By Marilynn Larkin
NEW YORK (Reuters Health) - 17/6/2019
Introduction of infliximab, the first biologic therapy approved for inflammatory bowel disease (IBD) in Canada, did not lead to lower rates of hospitalizations or intestinal surgeries for the disorder in Ontario, researchers say.
"Misguided use of infliximab in CD (Crohn's disease) patients and underuse of infliximab in UC (ulcerative colitis) patients may largely explain our study findings," note Dr. Sanjay Murthy of the University of Ottawa and colleagues.
"In addition to factors relating to physician prescribing and treatment access, patient reticence to receive biologic therapy due to perceived risks of the treatment, may play a role in our observed outcomes," Dr. Murthy told Reuters Health by email. "Because these agents have undergone rigorous study, potential treatment-related adverse events are broadly publicized and easily accessible to patients. Many times, patients do not place the risk of these adverse events in the context of potential adverse events relating to ineffectively treated disease or to conventional immunosuppressants, such as prednisone or azathioprine."
"Overall," he noted, "biologic therapies, including anti-TNF therapies, are among the safest medications that exist to treat inflammatory bowel diseases and offer clear advantages to other therapies in terms of symptom control and quality of life for many patients."
"Improving physician and patient education regarding appropriate timing and indication for treatment and treatment-related adverse events, as well as changing provincial funding criteria to allow more ready access to this treatment when it is clinically indicated, may help to boost usage of this important therapy," he said.
Dr. Murthy and colleagues analyzed data on adults with CD and UC living in Ontario between 1995-2012, studying trends and mean public-payer costs before and after Health Canada approval of infliximab for CD (2001) and UC (2006). The team estimated that publicly-funded infliximab users would represent about 40% of all infliximab users with IBD.
As reported online June 12 in Gut, relative to what would have been expected with conventional therapies alone, marketplace introduction of infliximab did not produce significant declines at the population level in the rates of CD-related hospitalizations (OR at the last observation quarter, 1.06) or intestinal resections (OR, 1.10), or in the rates of UC-related hospitalizations (OR 1.22) or colectomies (OR, 0.933).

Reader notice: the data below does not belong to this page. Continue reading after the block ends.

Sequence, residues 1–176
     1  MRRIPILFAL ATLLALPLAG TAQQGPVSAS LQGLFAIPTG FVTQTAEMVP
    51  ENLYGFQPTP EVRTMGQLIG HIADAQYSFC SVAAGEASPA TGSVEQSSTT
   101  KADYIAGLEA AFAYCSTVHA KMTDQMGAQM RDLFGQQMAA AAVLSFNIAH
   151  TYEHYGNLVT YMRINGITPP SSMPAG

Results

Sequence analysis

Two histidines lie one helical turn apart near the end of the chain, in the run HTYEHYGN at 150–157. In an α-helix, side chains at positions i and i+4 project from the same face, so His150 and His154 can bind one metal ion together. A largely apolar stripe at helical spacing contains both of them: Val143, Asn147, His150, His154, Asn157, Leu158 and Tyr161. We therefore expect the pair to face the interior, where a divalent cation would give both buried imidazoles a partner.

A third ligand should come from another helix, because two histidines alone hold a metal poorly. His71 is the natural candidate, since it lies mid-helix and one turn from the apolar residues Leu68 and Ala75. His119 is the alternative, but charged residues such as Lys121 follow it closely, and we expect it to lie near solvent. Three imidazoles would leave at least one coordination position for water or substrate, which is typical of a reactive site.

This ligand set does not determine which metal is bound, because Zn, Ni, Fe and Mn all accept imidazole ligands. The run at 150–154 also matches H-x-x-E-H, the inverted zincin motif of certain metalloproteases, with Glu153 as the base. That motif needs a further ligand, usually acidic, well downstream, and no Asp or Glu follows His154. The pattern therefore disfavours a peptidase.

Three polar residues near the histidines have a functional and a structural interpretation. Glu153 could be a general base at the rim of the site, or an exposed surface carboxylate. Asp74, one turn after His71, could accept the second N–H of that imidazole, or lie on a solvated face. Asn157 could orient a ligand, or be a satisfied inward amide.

Findings were similar for infliximab users with CD; however, among UC patients, hospitalization rates declined substantially following the introduction of infliximab (OR 0.515).
There was a threefold rise over expected trends in public payer drug costs among patients with CD after infliximab introduction (OR 2.98), suggesting robust market penetration in this group, according to the authors; however, no significant change was seen among UC patients (OR 1.06).
Specifically, for CD patients taking infliximab, average annual publicly-funded drug costs rose from approximately $1,000 before infliximab introduction to more than $14,000 by 2012. For UC infliximab users, the mean drug costs rose from approximately $2,500 before infliximab introduction to more than $10,000 by 2012, according to an Ottawa Hospital communication.
Dr. Thomas Ullman, Chief, Gastroenterology at Montefiore Medical Center in New York City, commented by email, "Like the authors, I suspect that use that is less than ideal use has contributed greatly to these findings."
"To achieve its best results, infliximab should be used together with immunomodulators to prevent antibody formation," he told Reuters Health. "It should be given early in the course of disease to assert its best possible effect; later in disease makes it too much of a catch-up game when tissue damage has already occurred and left its mark with scar and/or fistula formation. It should be discontinued - i.e., changed to a different therapeutic approach - when interim targets such as mucosal healing aren't achieved."
"Clinicians should use treatment strategies that result in restoration of a good quality of life for our patients; spare them the burdens of corticosteroid use with its many adverse side effects; lessen mucosal inflammation; and endeavor to keep patients at work or at school and not in hospitals or doctor's offices," he said.
"While (this study) suggests that infliximab, despite its high cost, has not altered Crohn's hospitalizations and surgical trends as prescribed in the Ontario population, that doesn't mean these agents aren't helping our patients," Dr. Ullman added. "It is also worth noting that other Canadian groups have demonstrated reductions in colectomies for patients with ulcerative colitis, 16% per year in Edmonton." (http://bit.ly/2WMQNMX)